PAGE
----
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The recoil limit is the lowest temperature reachable with laser cooling methods which involve a permanent interaction of the cooled atoms with light. It is given by the equation
where λ is the wavelength of the light and m is the mass of the atoms. At this temperature, the thermal energy equals the energy of an atom with a momentum equal to the photon momentum. Typical values for the recoil limit of atoms are of the order of 1 μK.
The recoil limit can be approached (although not fully reached) with polarization gradient cooling (→ Sisyphus cooling). Temperatures below the recoil limit have been achieved with velocity-selective coherent population trapping, where atoms become trapped in an electronic state where they do no longer interact with light.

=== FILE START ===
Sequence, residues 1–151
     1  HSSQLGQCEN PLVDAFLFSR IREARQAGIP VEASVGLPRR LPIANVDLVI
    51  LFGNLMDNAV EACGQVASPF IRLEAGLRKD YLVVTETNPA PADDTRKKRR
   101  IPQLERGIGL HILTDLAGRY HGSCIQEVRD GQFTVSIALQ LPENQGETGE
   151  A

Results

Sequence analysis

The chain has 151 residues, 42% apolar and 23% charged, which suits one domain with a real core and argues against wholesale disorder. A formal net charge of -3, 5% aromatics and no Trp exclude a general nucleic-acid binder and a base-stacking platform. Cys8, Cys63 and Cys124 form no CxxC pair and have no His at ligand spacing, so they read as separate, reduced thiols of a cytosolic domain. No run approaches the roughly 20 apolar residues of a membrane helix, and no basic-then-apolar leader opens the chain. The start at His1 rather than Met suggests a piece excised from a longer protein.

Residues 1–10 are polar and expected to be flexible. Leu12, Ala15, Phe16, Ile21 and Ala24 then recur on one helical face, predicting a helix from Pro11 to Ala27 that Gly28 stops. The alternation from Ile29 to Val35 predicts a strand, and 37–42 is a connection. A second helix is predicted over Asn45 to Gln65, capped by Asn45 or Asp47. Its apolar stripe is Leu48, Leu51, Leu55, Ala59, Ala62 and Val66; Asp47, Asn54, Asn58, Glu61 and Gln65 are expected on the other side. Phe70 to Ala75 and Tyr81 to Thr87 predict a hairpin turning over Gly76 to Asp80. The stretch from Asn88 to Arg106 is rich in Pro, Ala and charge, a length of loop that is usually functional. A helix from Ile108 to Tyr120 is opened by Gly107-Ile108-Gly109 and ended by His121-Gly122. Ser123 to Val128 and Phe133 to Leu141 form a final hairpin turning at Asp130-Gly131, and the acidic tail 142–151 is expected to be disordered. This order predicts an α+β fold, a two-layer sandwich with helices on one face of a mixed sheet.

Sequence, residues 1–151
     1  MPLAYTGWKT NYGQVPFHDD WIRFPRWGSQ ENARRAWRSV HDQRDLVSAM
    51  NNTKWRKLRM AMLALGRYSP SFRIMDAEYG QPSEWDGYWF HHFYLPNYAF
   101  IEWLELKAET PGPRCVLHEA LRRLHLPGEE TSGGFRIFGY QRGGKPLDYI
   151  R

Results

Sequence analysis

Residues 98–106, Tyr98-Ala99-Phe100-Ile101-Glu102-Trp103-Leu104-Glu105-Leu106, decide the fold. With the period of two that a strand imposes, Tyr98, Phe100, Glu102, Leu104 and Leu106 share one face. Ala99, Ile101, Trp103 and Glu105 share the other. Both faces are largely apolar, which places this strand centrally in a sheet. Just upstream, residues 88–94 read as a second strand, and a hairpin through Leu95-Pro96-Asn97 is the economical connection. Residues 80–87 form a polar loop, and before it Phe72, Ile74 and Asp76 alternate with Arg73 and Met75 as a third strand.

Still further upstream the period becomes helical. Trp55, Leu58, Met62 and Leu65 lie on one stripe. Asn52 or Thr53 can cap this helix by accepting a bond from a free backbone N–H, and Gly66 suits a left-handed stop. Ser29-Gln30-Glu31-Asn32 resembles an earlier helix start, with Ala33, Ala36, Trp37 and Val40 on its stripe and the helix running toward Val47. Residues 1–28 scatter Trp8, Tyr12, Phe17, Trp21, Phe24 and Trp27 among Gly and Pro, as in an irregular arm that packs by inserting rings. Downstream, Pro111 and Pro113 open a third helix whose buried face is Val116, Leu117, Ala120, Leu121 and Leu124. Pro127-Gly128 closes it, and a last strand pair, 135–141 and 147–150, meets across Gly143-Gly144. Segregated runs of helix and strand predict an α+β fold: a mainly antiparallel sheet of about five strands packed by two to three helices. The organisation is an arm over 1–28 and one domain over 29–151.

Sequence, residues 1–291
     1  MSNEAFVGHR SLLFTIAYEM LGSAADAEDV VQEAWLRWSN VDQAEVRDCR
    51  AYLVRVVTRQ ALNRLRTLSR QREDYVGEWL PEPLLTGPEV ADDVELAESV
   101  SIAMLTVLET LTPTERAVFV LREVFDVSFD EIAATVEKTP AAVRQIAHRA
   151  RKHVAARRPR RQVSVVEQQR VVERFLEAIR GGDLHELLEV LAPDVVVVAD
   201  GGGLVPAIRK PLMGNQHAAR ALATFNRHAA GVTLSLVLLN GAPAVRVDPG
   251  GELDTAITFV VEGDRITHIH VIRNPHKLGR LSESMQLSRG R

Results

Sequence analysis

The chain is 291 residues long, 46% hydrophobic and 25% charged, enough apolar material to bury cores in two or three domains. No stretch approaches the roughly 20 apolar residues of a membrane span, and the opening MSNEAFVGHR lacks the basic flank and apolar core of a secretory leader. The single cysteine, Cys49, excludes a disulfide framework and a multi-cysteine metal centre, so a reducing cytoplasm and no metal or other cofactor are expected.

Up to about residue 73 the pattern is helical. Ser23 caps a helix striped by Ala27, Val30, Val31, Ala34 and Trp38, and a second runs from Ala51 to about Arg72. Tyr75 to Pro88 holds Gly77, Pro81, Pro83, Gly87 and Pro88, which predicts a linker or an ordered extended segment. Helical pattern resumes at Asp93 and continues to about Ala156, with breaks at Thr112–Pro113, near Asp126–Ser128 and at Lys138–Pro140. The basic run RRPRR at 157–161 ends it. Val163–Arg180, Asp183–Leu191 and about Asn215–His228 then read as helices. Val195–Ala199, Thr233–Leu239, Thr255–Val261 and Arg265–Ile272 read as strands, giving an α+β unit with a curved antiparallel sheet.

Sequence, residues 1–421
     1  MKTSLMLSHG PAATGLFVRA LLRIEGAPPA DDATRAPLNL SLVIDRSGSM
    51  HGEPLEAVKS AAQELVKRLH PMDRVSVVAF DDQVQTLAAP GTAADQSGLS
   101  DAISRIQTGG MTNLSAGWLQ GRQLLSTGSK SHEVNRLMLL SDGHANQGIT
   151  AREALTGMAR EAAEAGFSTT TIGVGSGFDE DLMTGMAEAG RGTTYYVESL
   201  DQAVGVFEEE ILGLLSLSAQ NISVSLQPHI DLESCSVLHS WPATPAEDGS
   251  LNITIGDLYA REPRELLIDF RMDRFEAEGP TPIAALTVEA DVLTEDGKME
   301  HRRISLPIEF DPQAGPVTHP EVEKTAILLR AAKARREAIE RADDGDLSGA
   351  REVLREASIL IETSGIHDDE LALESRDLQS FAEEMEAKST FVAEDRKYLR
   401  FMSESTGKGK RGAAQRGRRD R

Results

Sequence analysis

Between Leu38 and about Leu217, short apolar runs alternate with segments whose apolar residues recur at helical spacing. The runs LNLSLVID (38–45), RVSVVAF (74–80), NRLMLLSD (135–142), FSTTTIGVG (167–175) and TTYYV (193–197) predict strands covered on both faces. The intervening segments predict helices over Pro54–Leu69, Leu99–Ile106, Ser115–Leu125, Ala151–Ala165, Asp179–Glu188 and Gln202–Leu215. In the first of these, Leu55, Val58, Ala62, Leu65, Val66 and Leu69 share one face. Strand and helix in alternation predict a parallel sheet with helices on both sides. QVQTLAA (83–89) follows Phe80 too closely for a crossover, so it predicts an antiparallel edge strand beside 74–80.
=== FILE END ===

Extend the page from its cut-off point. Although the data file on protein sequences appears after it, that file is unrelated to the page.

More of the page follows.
|||A. Aspect et al., “Laser cooling below the one-photon recoil energy by velocity-selective coherent population trapping”, Phys. Rev. Lett. 61 (7), 826 (1988)|
|||M. Kasevich and S. Chu, “Laser cooling below a photon recoil with three-level atoms”, Phys. Rev. Lett. 69 (12), 1741 (1992)|
|||H. Katori et al., “Magneto-optical trapping and cooling of strontium atoms down to the photon recoil temperature”, Phys. Rev. Lett. 82 (6), 1116 (1999)|
See also: Doppler limit, laser cooling, photons
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